Sometimes the conversation in our community regarding marriage is less than romantic. Heck, I'm no romance-lover, but nowadays it can sound downright clinical. Often phraseology is akin to a one-day sale. "Getting" a shidduch has a "running of the brides" image.
That's why I stop and read articles like this one, which shows all the biological benefits to a committed relationship. Diane Ackerman begins with the love between a mother and child which stems from the initial oneness. That is what infants seeks for the rest of their days.
But as a wealth of imaging studies highlight, the neural alchemy continues throughout life as we mature and forge friendships, dabble in affairs, succumb to romantic love, choose a soul mate. The body remembers how that oneness with Mother felt, and longs for its adult equivalent . . . Loving relationships alter the brain the most significantly.
When two people meet, the resulting compromises and introductions into the other's world floods the brain with new information.
When two people become a couple, the brain extends its idea of self to include the other; instead of the slender pronoun “I,” a plural self emerges who can borrow some of the other’s assets and strengths. The brain knows who we are. . . we trade bits of identity with loved ones, and in time we become a sort of chimera. We don’t just get under a mate’s skin, we absorb him or her.
On Scrubs, in a fantasy episode called "My Princess," the smug and newly-wedded Turk and Carla morph into one being, the two-headed Turla. While they were irritating, they are the ideal, I suppose. We believe in two neshamos becoming one.
And that feeling as though an imaginary hand is squeezing your gut when you are rejected? Not imagined.
. . . the same areas of the brain that register physical pain are active when someone feels socially rejected. That’s why being spurned by a lover hurts. . . . the bundle of nerve fibers zinging messages between the hemispheres that register both rejection and physical assault. Whether they speak Armenian or Mandarin, people around the world use the same images of physical pain to describe a broken heart, which they perceive as crushing and crippling. It’s not just a metaphor for an emotional punch. Social pain can trigger the same sort of distress as a stomachache or a broken bone.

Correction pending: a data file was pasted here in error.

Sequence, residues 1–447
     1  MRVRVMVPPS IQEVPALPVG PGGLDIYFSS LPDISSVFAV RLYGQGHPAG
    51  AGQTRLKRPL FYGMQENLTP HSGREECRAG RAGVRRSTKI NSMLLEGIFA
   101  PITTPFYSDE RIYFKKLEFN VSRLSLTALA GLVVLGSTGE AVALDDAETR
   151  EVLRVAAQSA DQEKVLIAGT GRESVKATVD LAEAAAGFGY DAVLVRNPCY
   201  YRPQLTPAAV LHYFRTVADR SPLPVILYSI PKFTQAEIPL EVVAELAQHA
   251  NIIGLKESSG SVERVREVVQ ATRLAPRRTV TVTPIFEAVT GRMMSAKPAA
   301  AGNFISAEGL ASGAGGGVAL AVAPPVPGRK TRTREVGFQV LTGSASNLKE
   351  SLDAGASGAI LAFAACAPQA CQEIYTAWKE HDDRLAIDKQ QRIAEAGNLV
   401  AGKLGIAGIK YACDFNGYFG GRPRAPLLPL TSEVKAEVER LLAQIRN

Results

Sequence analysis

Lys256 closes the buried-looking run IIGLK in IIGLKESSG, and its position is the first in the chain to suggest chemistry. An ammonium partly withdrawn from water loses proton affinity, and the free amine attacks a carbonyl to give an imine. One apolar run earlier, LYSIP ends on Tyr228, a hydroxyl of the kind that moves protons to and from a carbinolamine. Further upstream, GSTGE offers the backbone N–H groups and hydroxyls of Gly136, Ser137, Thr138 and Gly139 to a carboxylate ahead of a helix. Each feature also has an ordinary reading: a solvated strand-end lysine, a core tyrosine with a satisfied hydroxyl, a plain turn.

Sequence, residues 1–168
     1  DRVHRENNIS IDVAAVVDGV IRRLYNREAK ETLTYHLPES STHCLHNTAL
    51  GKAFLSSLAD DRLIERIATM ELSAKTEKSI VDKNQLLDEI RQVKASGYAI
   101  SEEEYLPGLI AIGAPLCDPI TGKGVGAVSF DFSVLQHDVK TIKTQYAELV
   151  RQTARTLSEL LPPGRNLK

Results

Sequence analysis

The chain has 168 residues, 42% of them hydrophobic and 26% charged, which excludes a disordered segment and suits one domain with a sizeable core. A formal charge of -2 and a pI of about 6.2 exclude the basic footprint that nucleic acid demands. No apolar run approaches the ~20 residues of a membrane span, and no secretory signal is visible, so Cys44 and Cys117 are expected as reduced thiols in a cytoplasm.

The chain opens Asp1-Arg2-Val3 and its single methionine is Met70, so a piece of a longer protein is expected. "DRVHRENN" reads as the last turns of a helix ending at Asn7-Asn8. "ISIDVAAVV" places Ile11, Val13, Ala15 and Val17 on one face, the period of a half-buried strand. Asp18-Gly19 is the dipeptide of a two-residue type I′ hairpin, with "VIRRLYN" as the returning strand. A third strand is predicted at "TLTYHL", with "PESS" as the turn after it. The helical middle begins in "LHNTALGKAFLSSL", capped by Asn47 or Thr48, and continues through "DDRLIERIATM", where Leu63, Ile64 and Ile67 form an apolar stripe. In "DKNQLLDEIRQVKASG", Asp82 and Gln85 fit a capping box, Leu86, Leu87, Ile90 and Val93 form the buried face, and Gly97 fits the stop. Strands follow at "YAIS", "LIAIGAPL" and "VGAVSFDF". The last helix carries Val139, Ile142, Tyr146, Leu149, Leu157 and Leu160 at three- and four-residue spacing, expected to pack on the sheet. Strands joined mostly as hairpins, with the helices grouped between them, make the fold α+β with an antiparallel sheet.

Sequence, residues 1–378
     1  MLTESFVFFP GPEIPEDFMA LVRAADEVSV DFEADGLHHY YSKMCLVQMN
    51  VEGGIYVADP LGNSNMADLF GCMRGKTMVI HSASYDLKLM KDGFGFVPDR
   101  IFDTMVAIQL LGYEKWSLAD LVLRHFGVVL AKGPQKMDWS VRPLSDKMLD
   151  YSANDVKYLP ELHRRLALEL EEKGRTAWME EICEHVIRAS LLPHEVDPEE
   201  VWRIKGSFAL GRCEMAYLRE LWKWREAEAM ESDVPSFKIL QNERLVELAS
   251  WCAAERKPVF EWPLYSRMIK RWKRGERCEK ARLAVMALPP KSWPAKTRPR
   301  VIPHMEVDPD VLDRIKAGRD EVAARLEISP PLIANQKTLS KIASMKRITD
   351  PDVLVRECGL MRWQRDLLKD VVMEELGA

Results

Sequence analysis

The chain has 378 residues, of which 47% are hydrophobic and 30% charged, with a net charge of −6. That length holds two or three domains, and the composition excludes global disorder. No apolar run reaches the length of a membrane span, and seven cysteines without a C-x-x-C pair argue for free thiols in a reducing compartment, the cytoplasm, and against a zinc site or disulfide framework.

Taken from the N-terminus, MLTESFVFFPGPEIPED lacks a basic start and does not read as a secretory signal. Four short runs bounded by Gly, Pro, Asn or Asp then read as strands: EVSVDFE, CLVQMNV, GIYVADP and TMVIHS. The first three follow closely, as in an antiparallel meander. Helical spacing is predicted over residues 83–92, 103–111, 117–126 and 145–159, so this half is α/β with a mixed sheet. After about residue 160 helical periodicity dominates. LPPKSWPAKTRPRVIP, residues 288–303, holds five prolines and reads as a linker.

On the other hand, the presence of a loved one can do wonders for the brain.
If you’re in a healthy relationship, holding your partner’s hand is enough to subdue your blood pressure, ease your response to stress, improve your health and soften physical pain. We alter one another’s physiology and neural functions . . . scanned the brains of long-married couples who described themselves as still “madly in love.” Staring at a picture of a spouse lit up their reward centers as expected; the same happened with those newly in love (and also with cocaine users). But, in contrast to new sweethearts and cocaine addicts, long-married couples displayed calm in sites associated with fear and anxiety. Also, in the opiate-rich sites linked to pleasure and pain relief, and those affiliated with maternal love, the home fires glowed brightly . . . A happy marriage relieves stress and makes one feel as safe as an adored baby.
I thought of my cousin, who had always been a bundle of nerves. I remember distinctly how after her marriage her spouse, who was in tune to her worries, took care of what she needed to be dealt with, transmitting to her his own calmness, created this new creature, a relatively tranquil being compared to her previously single self.
During idylls of safety, when your brain knows you’re with someone you can trust, it needn’t waste precious resources coping with stressors or menace. Instead it may spend its lifeblood learning new things or fine-tuning the process of healing. Its doors of perception swing wide open.
But this divine being doesn't just happen. And something this precious shouldn't.